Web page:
Reading back through the archives of my creative writing has been an interesting experience for me. Most of the writings I’ve published on Over Heaven’s Hill were written by me when I was between 15 and 26. A lot of the themes I explored dealt with old age, aging, hardship and lost loves. This weeks Sunday Sit Down is a short character piece on yet again another aging and suffering figure. There are a lot of elements of darkness and shadows. Now that I have a bit of distance from my early writings, I wonder why I was so enveloped in such themes and issues to create characters, situations and stories that are profound and humanizing. Once again I hope you enjoy this weeks piece and if you like, have a look back through the archives for older posts from Sunday Sit Down.
~~~ It Was Late ~~~
It was late. Time had filtered past him through the shadows and the mist of the winter night. The last hour crept upon him and by the time his eyes drifted from the empty glass that sat waiting in front of him, he realised he was all alone. Why would anyone stay with him?
Wait to offer him the crook of an arm to settle his unwavering legs or the warmth of a coat as the rain dropped heavy from the hard sky. He brushed aside the barman, the only living soul in the room, when he was refused another pint.
The hour had long since passed when drinks freely flowed in the overcrowded sanctuary of the Raven’s Head. He had propped up the solid mahogany bar for too long, for years in fact. He was the oldest regular in the town. He was the oldest drunk in the town.
It was simply a matter of fact that he was the man with no friends, the man with no family and the man with no money. He drank what little he earned and the heavy scowl on his hard lined face meant few would attempt to partake in conversation with him.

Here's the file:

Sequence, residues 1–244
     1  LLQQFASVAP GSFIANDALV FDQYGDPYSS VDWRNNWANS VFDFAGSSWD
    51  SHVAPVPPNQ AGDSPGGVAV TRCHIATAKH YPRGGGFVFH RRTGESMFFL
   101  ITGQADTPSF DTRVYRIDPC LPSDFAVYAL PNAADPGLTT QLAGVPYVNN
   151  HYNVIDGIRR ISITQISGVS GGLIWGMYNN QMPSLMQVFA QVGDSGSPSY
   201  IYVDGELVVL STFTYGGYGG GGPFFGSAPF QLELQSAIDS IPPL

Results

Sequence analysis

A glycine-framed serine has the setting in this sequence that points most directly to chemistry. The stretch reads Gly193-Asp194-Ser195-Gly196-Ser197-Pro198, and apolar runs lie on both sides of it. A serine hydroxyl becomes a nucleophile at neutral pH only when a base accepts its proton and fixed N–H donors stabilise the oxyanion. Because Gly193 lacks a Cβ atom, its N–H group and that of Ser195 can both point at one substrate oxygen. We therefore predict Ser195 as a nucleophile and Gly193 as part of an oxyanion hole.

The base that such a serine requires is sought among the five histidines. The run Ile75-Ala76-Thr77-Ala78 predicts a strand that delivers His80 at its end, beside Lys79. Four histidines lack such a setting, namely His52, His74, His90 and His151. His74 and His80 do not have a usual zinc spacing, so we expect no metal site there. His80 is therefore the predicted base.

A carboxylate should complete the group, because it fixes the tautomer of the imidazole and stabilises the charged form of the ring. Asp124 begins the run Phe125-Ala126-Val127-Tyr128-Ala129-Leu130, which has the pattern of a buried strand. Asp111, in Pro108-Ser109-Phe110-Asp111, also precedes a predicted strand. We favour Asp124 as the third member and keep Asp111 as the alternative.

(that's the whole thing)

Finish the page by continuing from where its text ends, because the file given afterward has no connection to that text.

What did I do to deserve this he thought? Sniffling glances in the direction of young couples who walked hand in hand. Walking out with a woman was a long time ago for him. The women who were widowed and old now didn’t want to know him any more than when they were teenagers sneaking looks across a dance floor.
He was once a good looking man, good looking in the sense that he had a few girlfriends who thought him gentle and kind and a soft kisser, not in the sense that his features were graced with feathered lines and strong cheekbones. He was a gentleman. Once.
The drink stole his pride in whatever good appearance he had, blithered his breath and forced harsh words to cross his lips. Why would anyone wait for him?
His legs withered as he crossed the road without looking for traffic. It was too late for cars. It was too late for most people except the young couples for whom time was never a factor. It was for him. The later the hour, the quicker it would be to sunrise. And sunrise meant a new day. A long blistering new day when he would have to start from the beginning and get to the end all over again.
Geraldine Walsh © Over Heaven’s Hill
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